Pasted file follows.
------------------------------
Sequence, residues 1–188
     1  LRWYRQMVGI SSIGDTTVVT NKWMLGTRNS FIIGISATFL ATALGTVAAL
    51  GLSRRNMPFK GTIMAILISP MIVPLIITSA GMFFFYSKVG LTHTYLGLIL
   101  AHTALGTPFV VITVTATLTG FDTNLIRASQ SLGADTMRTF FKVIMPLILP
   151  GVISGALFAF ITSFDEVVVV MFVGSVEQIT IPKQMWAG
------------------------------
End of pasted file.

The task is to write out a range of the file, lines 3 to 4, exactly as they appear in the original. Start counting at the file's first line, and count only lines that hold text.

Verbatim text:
    51  GLSRRNMPFK GTIMAILISP MIVPLIITSA GMFFFYSKVG LTHTYLGLIL
   101  AHTALGTPFV VITVTATLTG FDTNLIRASQ SLGADTMRTF FKVIMPLILP